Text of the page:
Student Council holds “Mental Health Matters” event
November 28, 2021
Student Council members hosted a social event in the spirit of mental health awareness. The bracelet-making gathering, promoted under the name ‘Mental Health Matters’, was held in the courtyard on Nov. 12.
Student Council president Mia Wicken took part in planning the event. She is an advocate for mental health awareness, along with other members of student council.
“One of our big focuses this year is how we can bring awareness to the mental health of Central’s students, so one of our first ideas was handing out bracelets and attaching hotline cards to them. Mrs. Cruz, our sponsor, brought up the idea of having a social event where students can make bracelets while getting to know others,” Wicken said.
She feels as though the pandemic stole away the important element of socialization, which has effects on the mental health of all people.
“At the peak of the virus, we were keeping ourselves safe by quarantining, which took away the social factor everyone needs. Without being able to go to school and see friends, I think that hurt everyone mentally, some more than others,” Wicken said.
The event consisted of more than just making bracelets. Student Council members also handed out hotline cards, and adults got involved too.
“Our school’s counselor gave out papers to students where they could write down a current issue they were going through and they could turn it in to her. We also provided snacks, drinks, reusable water bottles and stickers,” Wicken said.
She was “very, very pleased” with the turnout of the event. The courtyard was nearly full by the time school ended, and there were about 90 students who showed up to make bracelets. Wicken believes that mental health should be acknowledged more than it currently is.
“It is so important to think about how people may be going through something on the inside and that us students should be more aware of our actions and words, because they can hurt someone,” Wicken said. “It’s also important to know that everyone can be affected by their mental health and should reach out for help.”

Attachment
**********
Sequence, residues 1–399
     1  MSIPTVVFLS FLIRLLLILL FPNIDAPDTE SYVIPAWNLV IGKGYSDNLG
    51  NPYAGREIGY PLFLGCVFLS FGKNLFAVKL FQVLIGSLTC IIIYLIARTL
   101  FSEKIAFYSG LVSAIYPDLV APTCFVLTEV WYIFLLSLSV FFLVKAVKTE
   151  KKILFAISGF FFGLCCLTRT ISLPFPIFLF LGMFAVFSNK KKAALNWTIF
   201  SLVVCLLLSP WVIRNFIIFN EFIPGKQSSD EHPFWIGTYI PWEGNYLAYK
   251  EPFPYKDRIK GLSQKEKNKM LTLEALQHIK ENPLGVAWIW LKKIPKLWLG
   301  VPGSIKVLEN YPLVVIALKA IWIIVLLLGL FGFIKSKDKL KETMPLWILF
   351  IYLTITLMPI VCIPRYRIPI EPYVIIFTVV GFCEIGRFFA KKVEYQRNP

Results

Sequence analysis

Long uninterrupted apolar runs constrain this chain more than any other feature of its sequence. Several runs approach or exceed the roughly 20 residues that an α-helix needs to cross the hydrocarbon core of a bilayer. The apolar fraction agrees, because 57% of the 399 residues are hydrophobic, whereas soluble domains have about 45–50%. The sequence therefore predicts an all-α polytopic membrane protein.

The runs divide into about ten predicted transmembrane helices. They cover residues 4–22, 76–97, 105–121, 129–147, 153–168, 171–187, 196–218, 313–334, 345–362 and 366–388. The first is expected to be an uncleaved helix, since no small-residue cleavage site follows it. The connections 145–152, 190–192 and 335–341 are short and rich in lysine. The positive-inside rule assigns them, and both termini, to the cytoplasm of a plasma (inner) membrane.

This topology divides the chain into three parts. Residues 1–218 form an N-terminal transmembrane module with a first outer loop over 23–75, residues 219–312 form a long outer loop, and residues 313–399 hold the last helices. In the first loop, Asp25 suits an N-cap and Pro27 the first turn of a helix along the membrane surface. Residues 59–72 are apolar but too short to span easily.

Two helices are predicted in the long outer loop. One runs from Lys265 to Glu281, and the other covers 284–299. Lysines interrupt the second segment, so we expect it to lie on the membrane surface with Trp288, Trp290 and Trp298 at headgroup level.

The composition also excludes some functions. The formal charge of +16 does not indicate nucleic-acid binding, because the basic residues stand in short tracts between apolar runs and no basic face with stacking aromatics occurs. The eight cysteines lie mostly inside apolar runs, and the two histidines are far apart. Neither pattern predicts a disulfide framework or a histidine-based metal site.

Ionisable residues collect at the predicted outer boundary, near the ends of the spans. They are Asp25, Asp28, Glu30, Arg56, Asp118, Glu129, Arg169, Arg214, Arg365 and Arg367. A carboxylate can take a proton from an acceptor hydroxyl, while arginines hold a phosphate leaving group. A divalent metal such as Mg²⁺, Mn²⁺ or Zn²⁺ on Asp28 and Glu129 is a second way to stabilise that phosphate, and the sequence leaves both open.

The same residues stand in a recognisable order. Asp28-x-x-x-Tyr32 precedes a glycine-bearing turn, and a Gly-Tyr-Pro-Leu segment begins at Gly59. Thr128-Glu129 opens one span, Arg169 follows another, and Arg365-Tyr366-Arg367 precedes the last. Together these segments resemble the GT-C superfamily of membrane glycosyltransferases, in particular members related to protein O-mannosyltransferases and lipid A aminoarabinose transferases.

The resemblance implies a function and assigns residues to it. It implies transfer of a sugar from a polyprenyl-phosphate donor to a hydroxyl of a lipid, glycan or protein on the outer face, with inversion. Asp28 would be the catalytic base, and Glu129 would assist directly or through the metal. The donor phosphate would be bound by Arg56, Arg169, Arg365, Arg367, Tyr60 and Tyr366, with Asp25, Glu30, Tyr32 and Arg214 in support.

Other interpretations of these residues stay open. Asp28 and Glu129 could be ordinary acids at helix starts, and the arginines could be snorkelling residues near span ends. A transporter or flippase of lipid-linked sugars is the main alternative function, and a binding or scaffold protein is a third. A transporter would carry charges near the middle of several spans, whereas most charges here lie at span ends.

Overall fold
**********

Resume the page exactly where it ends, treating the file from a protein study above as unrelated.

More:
Art teacher and Student Council sponsor Libby Cruz was extremely impressed with the way her students executed the event.
“I’m so proud of the students. This was the first in-person event the student council has held in two years and they did an outstanding job. I’m also so proud they focused on an important issue but found a fun way to bring people together while addressing it,” Cruz said.
She agrees with Wicken on the point that discussions about mental health need to continue being normalized.
“I know so many students and teachers struggle with mental health, and I think it’s important for students to know they have lifelines and people to reach out to. No one is alone, and there are safe spaces here,” Cruz said.
Student Council plans to hold more events such as this one in the future. Wicken believes that bringing attention to students’ mental health will lead to positive developments in other areas of life.
“If Central acknowledges the mental health of our students, then more kids can find the help they need and can do better in the classroom and in our community,” Wicken said. “It’s important to bring up these issues so that the stereotypes around mental health can change for the better.”